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A Nail, A Rose by Madeleine Bourdouxhe

Article by Swirl and Thread ©.
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Meticulously translated from French by Faith Evans, a London-based editor, translator and literary agent, A Nail, A Rose, by Madeleine Bourdouxhe, was originally published in English in 1989 by The Women’s Press Limited. It has very recently been republished by Pushkin Press as a Pushkin Collection Title and it was an honour to be invited to read it and to share my thoughts with you all today.

Madeleine Bourdouxhe, was born in 1906, moving to Paris during the First World War. She studied Philosophy in Brussels, with her first novel published in 1937. Her work faded into relative obscurity until the 1980’s when her writings were translated, bringing her thoughts and ideas to a much wider audience. Simone de Beauvoir, the renowned French writer and feminist, described Madeline Bourdouxhe as ‘an important early feminist author‘.

Most of the stories in A Nail, A Rose were written in the years following the Second World War. Inspired by what she had experienced and what she had seen, Madeleine Bourdouxhe set about writing a collection of stories, with ideas and thoughts that would capture the mind of the reader. Appealing to the early 20th-Century avant-garde movement of Surrealism and of Existentialism, a movement that thrived throughout Europe in the 1940s and 1950s, the work of this writer was quickly embraced, discussed and analysed.

Faith Evans had the opportunity of meeting Madeleine Bourdouxhe in 1988 at her home in Brussels. At this point Faith Evans had read and translated this collection and had made many assumptions about the writer, one being that her writing days were well behind her, but this was not the case. Faith Evans also began to see beneath the surface of this enigmatic writer, this writer whose work stirred up so many conversations over the years.

‘As she talked to me in 1988 I began to see why the Occupation overshadows so many of her stories and her consciousness of herself, and to have some perception of what it means when your country is overtaken by a foreign power, especially when you yourself are patriotic but not in the least nationalistic. It’s no wonder that as a writer she has always been so preoccupied with borders and frontiers, with people who take risks, people whose lives have to be lived underground. She has experienced displacement for herself.’ – Faith Evans (Translator)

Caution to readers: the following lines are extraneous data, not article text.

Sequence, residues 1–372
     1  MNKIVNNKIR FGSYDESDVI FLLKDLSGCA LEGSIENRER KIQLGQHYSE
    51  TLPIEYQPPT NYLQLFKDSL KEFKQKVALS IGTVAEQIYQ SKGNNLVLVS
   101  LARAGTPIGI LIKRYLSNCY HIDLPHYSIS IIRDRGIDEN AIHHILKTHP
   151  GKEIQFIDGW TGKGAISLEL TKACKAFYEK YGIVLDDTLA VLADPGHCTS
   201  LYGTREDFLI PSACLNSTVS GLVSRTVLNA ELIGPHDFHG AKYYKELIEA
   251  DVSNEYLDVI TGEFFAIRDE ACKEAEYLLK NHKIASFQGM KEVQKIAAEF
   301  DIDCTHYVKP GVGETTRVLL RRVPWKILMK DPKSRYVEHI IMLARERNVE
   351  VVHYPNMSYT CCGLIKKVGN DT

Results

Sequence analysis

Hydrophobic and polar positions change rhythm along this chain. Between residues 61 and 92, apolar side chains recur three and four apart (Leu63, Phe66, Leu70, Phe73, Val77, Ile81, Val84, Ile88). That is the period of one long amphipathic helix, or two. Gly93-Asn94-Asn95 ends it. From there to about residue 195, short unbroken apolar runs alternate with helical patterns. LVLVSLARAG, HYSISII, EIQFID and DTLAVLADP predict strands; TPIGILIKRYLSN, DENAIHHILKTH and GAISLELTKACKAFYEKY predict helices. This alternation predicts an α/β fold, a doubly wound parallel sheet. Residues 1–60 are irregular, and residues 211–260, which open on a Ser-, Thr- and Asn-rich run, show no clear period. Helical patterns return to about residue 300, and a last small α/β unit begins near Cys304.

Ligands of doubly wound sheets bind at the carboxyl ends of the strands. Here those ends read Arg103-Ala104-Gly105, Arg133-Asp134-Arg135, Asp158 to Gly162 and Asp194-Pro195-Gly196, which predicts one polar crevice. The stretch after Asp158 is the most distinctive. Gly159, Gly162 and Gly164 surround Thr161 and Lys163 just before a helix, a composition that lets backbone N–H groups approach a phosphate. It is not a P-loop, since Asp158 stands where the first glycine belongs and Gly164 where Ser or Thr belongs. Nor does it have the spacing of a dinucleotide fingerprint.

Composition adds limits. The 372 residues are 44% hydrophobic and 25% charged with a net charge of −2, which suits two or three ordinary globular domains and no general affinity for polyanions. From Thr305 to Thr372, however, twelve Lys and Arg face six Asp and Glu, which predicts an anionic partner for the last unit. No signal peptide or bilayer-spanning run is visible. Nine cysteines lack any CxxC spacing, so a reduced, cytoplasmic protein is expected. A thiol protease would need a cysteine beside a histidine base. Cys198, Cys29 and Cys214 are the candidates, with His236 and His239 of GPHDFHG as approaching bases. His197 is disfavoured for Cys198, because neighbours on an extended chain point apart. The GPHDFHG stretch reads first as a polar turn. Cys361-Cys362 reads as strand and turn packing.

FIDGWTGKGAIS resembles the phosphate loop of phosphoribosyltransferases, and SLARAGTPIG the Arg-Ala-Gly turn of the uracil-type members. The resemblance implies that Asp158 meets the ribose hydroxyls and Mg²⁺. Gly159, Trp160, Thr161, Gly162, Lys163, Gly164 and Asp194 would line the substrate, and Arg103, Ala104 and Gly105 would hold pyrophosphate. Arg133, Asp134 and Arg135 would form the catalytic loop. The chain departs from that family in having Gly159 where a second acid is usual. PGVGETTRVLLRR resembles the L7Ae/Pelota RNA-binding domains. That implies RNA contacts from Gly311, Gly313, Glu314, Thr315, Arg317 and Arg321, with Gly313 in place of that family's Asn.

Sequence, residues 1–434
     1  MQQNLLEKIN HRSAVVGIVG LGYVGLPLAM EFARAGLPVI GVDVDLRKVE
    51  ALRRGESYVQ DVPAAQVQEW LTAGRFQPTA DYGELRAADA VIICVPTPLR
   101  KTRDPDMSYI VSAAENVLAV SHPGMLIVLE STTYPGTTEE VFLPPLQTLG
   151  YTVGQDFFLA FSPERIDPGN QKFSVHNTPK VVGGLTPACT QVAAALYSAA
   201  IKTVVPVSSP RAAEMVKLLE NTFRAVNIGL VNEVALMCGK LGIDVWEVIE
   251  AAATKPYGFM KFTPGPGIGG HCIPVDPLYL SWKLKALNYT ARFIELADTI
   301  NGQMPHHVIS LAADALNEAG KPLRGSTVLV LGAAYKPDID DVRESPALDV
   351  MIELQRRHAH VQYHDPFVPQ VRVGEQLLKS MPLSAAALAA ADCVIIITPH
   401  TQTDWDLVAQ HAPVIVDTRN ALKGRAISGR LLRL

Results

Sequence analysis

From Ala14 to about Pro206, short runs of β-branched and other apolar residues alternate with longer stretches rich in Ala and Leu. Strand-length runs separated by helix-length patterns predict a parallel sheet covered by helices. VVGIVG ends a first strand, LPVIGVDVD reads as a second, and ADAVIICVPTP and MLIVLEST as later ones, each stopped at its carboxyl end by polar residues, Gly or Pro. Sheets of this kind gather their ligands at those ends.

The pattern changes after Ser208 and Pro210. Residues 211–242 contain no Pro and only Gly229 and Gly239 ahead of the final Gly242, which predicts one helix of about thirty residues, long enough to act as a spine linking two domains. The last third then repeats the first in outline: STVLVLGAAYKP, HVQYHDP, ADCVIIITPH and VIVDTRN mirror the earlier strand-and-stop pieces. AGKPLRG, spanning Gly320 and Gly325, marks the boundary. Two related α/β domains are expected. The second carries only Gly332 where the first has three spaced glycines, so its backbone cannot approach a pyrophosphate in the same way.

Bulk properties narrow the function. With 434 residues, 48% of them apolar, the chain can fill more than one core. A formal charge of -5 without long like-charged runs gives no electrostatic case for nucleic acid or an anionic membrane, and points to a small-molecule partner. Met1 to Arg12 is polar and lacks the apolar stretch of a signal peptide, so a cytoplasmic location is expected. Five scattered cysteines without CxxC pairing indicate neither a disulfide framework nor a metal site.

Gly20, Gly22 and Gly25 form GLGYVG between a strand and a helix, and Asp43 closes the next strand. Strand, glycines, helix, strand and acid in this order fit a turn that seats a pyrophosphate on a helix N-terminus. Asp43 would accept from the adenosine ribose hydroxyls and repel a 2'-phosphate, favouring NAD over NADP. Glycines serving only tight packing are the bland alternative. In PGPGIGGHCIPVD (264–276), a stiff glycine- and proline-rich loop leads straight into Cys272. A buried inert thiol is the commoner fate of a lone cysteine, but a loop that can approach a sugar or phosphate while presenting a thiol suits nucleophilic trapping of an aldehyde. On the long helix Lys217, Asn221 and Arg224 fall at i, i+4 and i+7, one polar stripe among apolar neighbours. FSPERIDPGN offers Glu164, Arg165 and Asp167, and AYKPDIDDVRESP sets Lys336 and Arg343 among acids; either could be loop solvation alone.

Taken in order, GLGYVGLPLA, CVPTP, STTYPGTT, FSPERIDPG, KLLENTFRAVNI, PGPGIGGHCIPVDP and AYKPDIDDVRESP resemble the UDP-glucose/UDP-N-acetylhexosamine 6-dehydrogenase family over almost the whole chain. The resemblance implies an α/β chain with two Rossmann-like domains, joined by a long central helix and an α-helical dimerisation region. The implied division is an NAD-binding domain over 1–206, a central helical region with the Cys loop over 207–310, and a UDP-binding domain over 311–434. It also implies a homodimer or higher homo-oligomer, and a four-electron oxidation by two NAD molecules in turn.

A Nail, A Rose is an anthology of seven short stories and one novella, ‘Sous le pont Mirabeau’. It is this final novella that reflects one of the more personal experiences of the author when she fled the hospital where she had just given birth as the Occupying troops continued their rampage through a war-torn Europe. This collection features women and the inner turmoil they face in their day-to-day lives, each with a very unique and different story to tell.

I am not a student of philosophy. My knowledge of intellectual literature, Existentialism and Surrealism, is non-existent. I am not in a position to write about the true feelings and experiences of the women in these stories from a philosophical perspective, but what I can say is that I found reading these stories quite intriguing. I have read translated works in the past, with Suite Française by Irène Némirovsky, being one such book. There is something very fascinating about seeing the world through the eyes of these women, something very compelling about understanding the worlds they inhabited a little more.

A Nail, A Rose is a compact, yet challenging, piece of work which does require that you approach it with an open mind. It is a book that explores a variety of themes, with all focusing in on the idea of the independent woman, the strong woman.

Madeleine Bourdouxhe passed away in 1996 leaving behind a legacy of literary work that continues to invoke debate and deliberation.

I will leave you with a quote from Jonathan Coe, the Birmingham born writer/author whose work has received many prizes and awards, mainly from continental Europe.

‘Madeleine Bourdouxhe is one of the more remarkable literary discoveries of the last few years.’ – Jonathan Coe

(c) Swirl and Thread

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